Volcanic awakening

volcanoPublished in Green magazine, July-August 2010

 

One of the positive things to come out of the decade- long drought in Southern Australia has been the development of some innovative water-saving plans. One of the most impressive is that of Melbourne’s Royal Botanic Gardens. Jane Canaway meets its senior designer, Andrew Laidlaw.

After being held in the fierce grip of drought for the best part of a decade, the “wasteful” sound of running water has become a distant memory in much of southern Australia.

In Melbourne’s Royal Botanic Gardens, the Fern Gully has been dry for many years, except after occasional rain, and visitors have grown used to ducks dabbling in muddy puddles where lakes used to be. However, a solution is in sight, and a key to its success lies in the recent re-awakening of a long-dormant volcano in the Gardens’ south-east corner. That landscaping project – completed this March – is stage one of a longer-term plan to create a sustainable water supply for the RBG, starting with approximately 68 megalitres of stormwater harvested from the nearby suburb of South Yarra. This water will enter the gardens through two stormwater pipes that will deliver the water into the Gardens’ lakes where it will be filtered on-site through a series of wetlands. This has the added benefit of removing 68 megalitres of diluted oil, dog faeces, salt and other pollutants washed from nearby streets that would normally run into the Yarra River.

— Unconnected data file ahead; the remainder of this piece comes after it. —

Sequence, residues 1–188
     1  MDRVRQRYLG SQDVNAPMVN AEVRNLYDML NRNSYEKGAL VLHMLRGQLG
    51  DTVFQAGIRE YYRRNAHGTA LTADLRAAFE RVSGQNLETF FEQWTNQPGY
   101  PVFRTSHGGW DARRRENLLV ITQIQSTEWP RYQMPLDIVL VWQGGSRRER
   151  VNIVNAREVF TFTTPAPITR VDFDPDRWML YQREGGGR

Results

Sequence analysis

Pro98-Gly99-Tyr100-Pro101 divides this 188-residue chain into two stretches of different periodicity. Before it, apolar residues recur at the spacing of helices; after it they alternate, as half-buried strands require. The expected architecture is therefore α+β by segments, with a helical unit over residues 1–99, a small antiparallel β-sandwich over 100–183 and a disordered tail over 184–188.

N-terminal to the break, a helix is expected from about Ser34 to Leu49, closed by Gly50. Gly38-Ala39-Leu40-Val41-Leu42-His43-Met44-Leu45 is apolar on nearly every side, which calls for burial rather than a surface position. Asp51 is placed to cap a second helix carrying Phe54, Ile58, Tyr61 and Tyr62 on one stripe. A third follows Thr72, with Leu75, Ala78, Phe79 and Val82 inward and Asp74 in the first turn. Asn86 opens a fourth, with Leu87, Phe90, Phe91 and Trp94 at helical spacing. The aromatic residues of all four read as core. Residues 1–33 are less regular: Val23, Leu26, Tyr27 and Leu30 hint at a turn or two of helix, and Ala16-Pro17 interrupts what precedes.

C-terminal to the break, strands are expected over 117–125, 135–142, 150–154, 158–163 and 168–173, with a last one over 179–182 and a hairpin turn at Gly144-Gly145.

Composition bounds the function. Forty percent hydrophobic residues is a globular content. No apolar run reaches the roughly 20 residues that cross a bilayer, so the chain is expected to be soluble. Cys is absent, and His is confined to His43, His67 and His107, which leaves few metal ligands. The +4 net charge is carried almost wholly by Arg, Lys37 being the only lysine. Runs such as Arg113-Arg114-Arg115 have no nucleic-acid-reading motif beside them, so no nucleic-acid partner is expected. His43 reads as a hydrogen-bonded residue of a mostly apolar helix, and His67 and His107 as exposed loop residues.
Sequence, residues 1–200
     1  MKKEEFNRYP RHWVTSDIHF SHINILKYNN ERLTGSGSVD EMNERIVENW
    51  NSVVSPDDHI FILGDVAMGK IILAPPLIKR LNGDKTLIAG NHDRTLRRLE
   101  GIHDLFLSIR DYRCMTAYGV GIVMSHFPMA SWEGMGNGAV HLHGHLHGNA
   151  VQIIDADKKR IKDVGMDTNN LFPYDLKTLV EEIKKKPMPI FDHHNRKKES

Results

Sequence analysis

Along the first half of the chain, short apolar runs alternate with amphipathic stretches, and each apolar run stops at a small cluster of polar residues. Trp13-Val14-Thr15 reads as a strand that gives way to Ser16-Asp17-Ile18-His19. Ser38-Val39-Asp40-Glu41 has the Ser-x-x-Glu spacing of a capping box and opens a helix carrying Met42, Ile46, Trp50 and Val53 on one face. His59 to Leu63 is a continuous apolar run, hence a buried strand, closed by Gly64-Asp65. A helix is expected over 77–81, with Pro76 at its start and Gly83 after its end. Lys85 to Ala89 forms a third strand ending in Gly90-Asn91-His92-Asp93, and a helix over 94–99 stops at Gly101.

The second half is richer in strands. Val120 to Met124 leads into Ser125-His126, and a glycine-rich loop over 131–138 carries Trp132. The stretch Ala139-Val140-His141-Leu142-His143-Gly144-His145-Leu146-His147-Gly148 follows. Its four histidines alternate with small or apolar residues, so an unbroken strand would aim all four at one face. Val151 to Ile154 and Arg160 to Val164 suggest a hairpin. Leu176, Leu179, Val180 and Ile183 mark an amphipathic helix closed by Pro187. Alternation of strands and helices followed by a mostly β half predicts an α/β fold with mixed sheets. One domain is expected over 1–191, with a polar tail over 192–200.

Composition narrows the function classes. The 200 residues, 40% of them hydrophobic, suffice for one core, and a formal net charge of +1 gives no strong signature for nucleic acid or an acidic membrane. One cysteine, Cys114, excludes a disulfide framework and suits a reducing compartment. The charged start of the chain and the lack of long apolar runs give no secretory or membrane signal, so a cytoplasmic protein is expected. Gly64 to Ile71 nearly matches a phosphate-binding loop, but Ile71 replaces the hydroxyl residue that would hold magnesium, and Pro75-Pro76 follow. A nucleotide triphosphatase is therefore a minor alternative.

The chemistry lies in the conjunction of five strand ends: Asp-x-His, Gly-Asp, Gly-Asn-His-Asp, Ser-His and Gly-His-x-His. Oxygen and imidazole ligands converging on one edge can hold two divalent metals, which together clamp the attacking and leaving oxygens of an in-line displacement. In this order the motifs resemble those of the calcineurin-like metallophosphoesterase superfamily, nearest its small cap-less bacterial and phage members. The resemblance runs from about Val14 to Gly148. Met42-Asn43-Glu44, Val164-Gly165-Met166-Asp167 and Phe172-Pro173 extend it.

In 1876 William Guilfoyle designed a reservoir in the shape of a bluestone-lined volcano that appeared to rise from the highest point of the Royal Botanic Gardens, with lawns created to mimic the lava flows between massed planting of shrubs, representing outcrops of land. For nearly 70 years it was filled with water from the Yarra River, which was then gravity fed to the rest of the gardens.

“It was possibly inspired by Guilfoyle’s plant collecting trips around the South Pacific,” senior designer Andrew Laidlaw said. “The Volcano was designed as a ‘Garden Folly’, a feature that visitors would come across in their meanderings around the gardens. “It holds 1.4 megalitres of water, which is enough for one cycle of our current irrigation.” However, Guilfoyle’s plan was plagued with many problems – including the loss of fresh water in the lower Yarra after waterfalls at Queens Street were blasted in 1879 to alleviate flooding and allow larger boats upstream. By the 1950s the irrigation system was attached to mains water and the volcano was locked up and slowly forgotten. Hidden by dense stands of olive trees, eucalypts and weeds, it was passed by generations of joggers and walkers without its being noticed – until a 1997 master plan called for its redevelopment.